WATCH: Family Of Ten Moves From America to Russia - TV News Story

Having already visited Moscow and St. Petersburg, this family of 10 was fascinated by ancient Rostov, so two years ago they decided to settle there. They are having a house built in the nearby countryside.


Arseny Kondratiev:

Good evening. This broadcast of the channel "RUSSIA" continues with the program "Vesti-Yaroslavl". This is Arseny Kondratiev in the studio, with an overview of top news for the hour.

Flying into oncoming traffic and colliding head-on into a family, a drunk-driver in a foreign car caused a serious accident on the M8 highway. Children were injured in the accident.

Why did an American priest and his family leave Texas and settle in Rostov the Great? How does an Orthodox family live in an unfamiliar country? We'll provide details.

In Yaroslavl, New Year's decorations are being put up on Sovietskaya Street, and a Christmas tree is going up in its normal place on Octoberskaya Square, but there is still a question about the festive fireworks. I'll tell you why.

To see Russia, and to stay forever, Joseph Gleason — a priest from America — came to the Yaroslavl region two years ago, leaving behind a comfortable life and his family in Texas. Marina McKenna will tell us why.

Marina McKenna:

Playing music is a must for Joseph Gleason's homeschooled children, playing the piano, mandolin, and flute. Joseph is the son of a famous musician in America, a place which now, obviously, is far away for everyone.

Here in Russia, they acquired this "Homeland" piano, and they brought this guitar from their Texas homeland. It has been mastered by Kimberly, their second oldest daughter.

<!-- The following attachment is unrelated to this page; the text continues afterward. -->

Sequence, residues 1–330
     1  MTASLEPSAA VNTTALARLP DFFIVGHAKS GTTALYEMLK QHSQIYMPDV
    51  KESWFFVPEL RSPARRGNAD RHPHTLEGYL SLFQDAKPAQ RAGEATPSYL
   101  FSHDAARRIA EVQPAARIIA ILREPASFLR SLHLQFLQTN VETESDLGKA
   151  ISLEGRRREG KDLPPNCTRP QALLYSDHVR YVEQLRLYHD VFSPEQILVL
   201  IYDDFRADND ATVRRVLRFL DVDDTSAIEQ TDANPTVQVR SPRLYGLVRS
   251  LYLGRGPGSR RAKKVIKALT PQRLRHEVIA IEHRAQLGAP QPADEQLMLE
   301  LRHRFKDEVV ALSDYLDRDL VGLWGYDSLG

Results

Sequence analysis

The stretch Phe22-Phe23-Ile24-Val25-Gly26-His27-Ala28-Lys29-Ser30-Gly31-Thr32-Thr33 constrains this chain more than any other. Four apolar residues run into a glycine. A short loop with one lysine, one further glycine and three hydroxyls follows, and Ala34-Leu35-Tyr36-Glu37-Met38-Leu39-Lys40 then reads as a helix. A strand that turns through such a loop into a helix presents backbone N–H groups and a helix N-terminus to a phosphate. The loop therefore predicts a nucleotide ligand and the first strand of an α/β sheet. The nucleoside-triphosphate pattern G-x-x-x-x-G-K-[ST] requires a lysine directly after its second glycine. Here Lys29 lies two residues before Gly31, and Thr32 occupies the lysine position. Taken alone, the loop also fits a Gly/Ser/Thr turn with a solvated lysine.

Kimberly understands Russian better than her parents and siblings, and she has seven of them: Katie, Andrea, Julie, Jeremy, Andrew, Kelsey, & little Kenneth. Together with their father Joseph and mother Amy, they came here to Rostov in January 2017.

Kimberly Gleason:

Yes, I remember I was very tired! It was winter, so it was very dark when we arrived here.

Marina McKenna:

Eighteen years ago, in English, young Amy said "Yes" to her beloved. At that time, she couldn't imagine she would someday be - as Russians say - "Matushka".

A young computer engineer wanted the same, to have children and a strong family.

She became his devoted wife, and she supported his desire to study in seminary, and to become an Anglican deacon.

Just a few years later, they became Orthodox Christians, and eventually moved to Russia.

Amy Gleason:

My first reaction was shock, but then I agreed. As an Orthodox family, it is better to live where Orthodoxy is the main religion.

Marina McKenna:

Having already visited Moscow and St. Petersburg, the Gleasons were fascinated by ancient Rostov, and decided to settle down here. The local church provided temporary housing, but Fr. Joseph is building a house for the whole family, outside the city, and it looks like it will last for centuries.

In the Dormition Cathedral at the Rostov Kremlin, this Texan priest is well known, and they strongly support his desire to become Russian.

Fr. Roman Krupnov:

For two years they have gotten accustomed to life here, though assimilation takes time. They have already become more like us. Where you live, and who you spend time with, gradually shapes your character.

Marina McKenna:

Visiting holy places, and participating in the Church's ceremonies and sacraments, Fr. Joseph serves as a pilgrim in various churches in multiple towns, while he learns the language and works towards Russian citizenship.

He is happy to answer the most important question, because he found the answer to it while living in a country where most people have not yet heard about Orthodox Christianity.

Fr. Joseph Gleason:

But as I studied more of the Bible, and more of Church history, I realized that Protestantism is only 500 years old, and I did not want to be part of a religion that is so young.

I wanted to be in the Church that was founded by Christ and the apostles. So I realized that if we want to be with Christ, then we need to be in the Orthodox Church.

Marina McKenna:
I'm Marina McKenna. Ok, back to you in Yaroslavl.

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